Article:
The new government, enjoying an absolute majority in the lower house, announced major economic reforms such as the liberalisation of insurance, opening of the defense sector for private sector investment, drastic slashing of welfare expenditure and subsidies and a land bill favouring corporate India at the cost of the rural peasantry. The ministry of Environment began behaving like the Industry and Commerce ministry in rapidly clearing environmental clearances. The Sensex continued its surge to close at an all-time high of 29,006 on 22 January 2015.

Stock market euphoria

While the Indian stock market was displaying euphoria, on the ground, economic conditions were not any better. Instead, corporate profits were alarmingly deteriorating. The Economic Survey 2014-2015 found the surge in share prices (since January 2011) mystifying, as it coexisted with, “rising stalling rates of big projects, weak balance sheets, declining new investments in the private sector, and toxic assets on banks’ balance sheets.”

The Survey’s analysis of equity values of companies with stalled projects found that the “market is not penalising severely for the debt pile-up in the wake of investments turning sour”, as the market may be factoring a bail-out for these companies. Research analysts had expected the 3QY2015 (Third quarter of Financial Year 2015) and 4QFY2015 corporate profits to bounce back, but exactly the reverse transpired. The last quarter was the worst quarter in 14 years, and according to data collated by Kotak Institutional Equities; Sensex profits declined 10.9 per cent, even worse than the 10.6 per cent decline reported in March 2009, at the peak of the global financial crisis. At the beginning of FY2015, analysts were expecting the Sensex companies to report a 15-17 per cent net profit growth, instead the Sensex companies ended FY2015 with a net profit decline of 12.2 per cent, and excluding the non-cash losses at Vedanta and Tata Steel, with a marginal profit growth of 0.3 per cent.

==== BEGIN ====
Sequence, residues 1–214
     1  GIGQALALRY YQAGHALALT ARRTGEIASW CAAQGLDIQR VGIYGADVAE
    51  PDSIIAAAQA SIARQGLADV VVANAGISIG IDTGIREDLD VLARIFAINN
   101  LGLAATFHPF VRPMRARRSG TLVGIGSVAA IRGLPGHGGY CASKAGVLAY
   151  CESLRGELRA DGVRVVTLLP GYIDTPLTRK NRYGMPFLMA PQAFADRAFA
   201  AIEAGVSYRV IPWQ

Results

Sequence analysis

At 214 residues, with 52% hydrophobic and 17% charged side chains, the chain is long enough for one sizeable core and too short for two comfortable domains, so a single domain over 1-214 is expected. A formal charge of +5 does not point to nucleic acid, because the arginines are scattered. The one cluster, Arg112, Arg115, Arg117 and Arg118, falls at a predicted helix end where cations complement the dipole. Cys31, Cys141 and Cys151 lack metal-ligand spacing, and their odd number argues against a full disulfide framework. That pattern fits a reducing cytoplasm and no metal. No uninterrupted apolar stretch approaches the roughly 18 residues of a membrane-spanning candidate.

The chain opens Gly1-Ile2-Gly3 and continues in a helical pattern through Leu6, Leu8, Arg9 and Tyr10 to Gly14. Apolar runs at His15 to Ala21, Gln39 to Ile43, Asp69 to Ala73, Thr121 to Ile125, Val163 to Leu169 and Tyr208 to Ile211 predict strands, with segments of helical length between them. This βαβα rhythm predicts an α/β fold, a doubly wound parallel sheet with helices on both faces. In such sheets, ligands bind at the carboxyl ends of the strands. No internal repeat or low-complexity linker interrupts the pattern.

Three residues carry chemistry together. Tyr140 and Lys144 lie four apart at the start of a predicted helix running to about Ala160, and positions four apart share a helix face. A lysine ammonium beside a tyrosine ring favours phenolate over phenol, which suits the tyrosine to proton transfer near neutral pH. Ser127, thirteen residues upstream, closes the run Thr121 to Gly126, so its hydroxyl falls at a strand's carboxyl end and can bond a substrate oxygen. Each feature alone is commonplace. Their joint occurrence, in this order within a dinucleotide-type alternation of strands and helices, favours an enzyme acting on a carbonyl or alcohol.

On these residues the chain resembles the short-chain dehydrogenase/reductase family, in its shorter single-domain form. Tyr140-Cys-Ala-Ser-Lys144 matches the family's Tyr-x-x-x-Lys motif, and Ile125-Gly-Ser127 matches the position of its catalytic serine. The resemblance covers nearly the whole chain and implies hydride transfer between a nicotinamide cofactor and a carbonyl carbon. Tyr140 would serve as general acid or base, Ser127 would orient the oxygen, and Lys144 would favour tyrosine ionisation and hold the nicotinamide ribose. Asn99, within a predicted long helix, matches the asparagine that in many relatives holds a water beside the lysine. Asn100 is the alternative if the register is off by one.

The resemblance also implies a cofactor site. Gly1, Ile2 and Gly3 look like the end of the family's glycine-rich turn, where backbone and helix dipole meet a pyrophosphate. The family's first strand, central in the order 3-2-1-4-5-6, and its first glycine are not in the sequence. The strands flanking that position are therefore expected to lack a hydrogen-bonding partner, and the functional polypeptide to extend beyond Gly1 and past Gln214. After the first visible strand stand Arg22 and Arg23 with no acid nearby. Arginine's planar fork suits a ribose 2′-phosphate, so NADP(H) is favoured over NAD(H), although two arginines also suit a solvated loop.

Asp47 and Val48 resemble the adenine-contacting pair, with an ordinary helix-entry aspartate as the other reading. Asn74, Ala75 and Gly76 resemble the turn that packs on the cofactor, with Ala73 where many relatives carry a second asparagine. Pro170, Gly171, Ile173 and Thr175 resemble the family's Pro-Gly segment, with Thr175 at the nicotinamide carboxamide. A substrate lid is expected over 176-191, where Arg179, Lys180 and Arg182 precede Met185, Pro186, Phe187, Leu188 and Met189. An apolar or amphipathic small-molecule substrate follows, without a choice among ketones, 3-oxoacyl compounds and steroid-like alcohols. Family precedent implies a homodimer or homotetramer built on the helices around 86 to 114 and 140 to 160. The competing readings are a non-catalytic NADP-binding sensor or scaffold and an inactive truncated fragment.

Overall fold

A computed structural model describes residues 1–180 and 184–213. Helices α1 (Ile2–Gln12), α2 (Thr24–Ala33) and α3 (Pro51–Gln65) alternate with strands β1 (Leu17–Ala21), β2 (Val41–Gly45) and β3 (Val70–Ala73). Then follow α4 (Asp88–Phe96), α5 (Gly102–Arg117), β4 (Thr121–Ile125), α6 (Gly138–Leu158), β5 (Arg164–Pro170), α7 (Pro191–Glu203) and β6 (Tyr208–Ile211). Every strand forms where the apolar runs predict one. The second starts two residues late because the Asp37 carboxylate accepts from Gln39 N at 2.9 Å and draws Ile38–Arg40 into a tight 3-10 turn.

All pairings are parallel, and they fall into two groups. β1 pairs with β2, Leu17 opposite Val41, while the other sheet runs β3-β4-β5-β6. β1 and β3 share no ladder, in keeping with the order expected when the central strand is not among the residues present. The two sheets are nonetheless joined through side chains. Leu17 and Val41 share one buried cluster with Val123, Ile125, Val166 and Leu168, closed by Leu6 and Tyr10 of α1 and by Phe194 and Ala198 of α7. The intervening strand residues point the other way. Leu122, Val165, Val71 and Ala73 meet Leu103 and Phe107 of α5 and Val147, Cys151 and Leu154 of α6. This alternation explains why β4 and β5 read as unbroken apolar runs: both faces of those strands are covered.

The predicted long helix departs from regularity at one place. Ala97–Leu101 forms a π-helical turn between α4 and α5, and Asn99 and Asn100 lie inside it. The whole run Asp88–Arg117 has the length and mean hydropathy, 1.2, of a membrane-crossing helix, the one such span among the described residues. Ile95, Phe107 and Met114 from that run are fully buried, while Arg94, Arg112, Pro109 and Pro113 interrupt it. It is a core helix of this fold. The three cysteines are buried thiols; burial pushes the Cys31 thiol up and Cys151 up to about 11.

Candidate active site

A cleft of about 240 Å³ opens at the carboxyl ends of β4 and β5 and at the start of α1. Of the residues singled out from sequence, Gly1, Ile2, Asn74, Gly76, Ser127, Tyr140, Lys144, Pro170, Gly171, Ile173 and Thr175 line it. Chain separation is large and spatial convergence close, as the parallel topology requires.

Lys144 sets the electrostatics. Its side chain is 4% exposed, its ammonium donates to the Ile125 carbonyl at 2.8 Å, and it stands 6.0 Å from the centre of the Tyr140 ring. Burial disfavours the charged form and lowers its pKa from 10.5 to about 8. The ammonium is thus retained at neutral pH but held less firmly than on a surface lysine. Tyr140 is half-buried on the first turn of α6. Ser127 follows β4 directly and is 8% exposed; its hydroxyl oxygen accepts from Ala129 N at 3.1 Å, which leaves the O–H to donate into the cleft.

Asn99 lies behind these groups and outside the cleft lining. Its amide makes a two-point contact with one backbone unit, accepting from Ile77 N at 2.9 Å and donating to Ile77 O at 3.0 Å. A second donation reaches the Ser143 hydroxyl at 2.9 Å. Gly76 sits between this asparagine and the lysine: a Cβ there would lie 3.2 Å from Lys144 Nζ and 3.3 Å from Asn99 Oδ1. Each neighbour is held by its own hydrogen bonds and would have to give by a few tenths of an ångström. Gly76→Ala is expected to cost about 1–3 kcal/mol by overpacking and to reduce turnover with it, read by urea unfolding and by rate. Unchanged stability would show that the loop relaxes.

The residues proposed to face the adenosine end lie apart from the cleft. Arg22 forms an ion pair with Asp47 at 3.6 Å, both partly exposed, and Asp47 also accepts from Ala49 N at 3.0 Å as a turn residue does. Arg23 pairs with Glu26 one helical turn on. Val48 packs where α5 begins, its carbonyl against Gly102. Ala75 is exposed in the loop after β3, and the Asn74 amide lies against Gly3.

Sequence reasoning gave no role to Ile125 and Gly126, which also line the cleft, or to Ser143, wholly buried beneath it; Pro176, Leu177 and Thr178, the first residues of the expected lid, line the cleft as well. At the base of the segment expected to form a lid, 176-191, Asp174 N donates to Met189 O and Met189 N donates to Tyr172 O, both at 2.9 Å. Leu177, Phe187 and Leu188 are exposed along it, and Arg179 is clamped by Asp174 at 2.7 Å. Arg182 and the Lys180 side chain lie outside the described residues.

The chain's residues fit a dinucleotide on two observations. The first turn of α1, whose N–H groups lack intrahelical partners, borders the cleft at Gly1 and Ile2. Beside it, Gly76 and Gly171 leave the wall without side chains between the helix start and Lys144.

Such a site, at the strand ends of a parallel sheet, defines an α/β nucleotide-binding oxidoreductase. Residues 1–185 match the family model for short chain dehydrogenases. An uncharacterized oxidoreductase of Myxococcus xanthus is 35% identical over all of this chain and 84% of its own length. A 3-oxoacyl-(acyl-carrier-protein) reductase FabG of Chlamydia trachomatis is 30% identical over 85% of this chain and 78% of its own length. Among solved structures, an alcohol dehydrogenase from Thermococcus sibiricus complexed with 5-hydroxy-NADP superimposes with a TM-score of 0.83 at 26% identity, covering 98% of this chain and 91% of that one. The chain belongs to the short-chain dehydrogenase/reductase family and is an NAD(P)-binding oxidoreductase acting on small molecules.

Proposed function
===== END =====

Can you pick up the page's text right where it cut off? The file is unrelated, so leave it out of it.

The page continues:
In retrospect we can now see that the rise in the stock market since February 2014 was unwarranted. The surge in the market since then could perhaps be justified by the expectation that, from FY2016, market earnings were going to increase significantly. But a more plausible explanation is that liquidity – funds flowing into Indian markets – was driving up valuations.

With such a severe earning shortfall compared to expectations in FY2015, one would logically have expected modest expectations for FY2016, as the economic situation has remained the same: a weak 1Q FY2016 performance, with Sensex companies’ earnings expected to decline by 3-4 per cent or remain flat. Instead, the same parody is being played out again, with the consensus among analysts being that Sensex profits will increase by 15-16 per cent with a strong recovery from September 2015.

Analysts are expecting a revival driven by further economic reforms by the government, a reduction in interest rates as inflation remains low, an expansion in profit margins as global commodity prices are falling, and an increase in government’s expenditure on infrastructure such as roads and railways, which will crowd-in private sector capital expenditure. To support their optimistic stance on the market, analysts focus on ‘green shoots’, the so-called leading indicators.